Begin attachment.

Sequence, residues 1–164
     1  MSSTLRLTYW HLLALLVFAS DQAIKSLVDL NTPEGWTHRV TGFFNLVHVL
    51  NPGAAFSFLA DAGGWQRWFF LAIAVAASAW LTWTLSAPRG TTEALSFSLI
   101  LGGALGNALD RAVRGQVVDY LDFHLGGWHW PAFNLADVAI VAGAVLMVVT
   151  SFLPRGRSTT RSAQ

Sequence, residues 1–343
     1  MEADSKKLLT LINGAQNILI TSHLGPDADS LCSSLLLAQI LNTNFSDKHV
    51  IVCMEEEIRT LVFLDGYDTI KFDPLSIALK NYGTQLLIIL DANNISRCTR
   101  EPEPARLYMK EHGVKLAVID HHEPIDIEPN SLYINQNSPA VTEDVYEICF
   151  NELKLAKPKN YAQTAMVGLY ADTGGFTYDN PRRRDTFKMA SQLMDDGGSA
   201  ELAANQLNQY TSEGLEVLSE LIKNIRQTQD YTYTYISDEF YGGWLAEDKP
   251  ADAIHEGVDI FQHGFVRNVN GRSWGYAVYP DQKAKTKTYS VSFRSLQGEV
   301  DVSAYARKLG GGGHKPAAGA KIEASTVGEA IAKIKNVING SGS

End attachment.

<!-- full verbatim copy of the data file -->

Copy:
Sequence, residues 1–164
     1  MSSTLRLTYW HLLALLVFAS DQAIKSLVDL NTPEGWTHRV TGFFNLVHVL
    51  NPGAAFSFLA DAGGWQRWFF LAIAVAASAW LTWTLSAPRG TTEALSFSLI
   101  LGGALGNALD RAVRGQVVDY LDFHLGGWHW PAFNLADVAI VAGAVLMVVT
   151  SFLPRGRSTT RSAQ

Sequence, residues 1–343
     1  MEADSKKLLT LINGAQNILI TSHLGPDADS LCSSLLLAQI LNTNFSDKHV
    51  IVCMEEEIRT LVFLDGYDTI KFDPLSIALK NYGTQLLIIL DANNISRCTR
   101  EPEPARLYMK EHGVKLAVID HHEPIDIEPN SLYINQNSPA VTEDVYEICF
   151  NELKLAKPKN YAQTAMVGLY ADTGGFTYDN PRRRDTFKMA SQLMDDGGSA
   201  ELAANQLNQY TSEGLEVLSE LIKNIRQTQD YTYTYISDEF YGGWLAEDKP
   251  ADAIHEGVDI FQHGFVRNVN GRSWGYAVYP DQKAKTKTYS VSFRSLQGEV
   301  DVSAYARKLG GGGHKPAAGA KIEASTVGEA IAKIKNVING SGS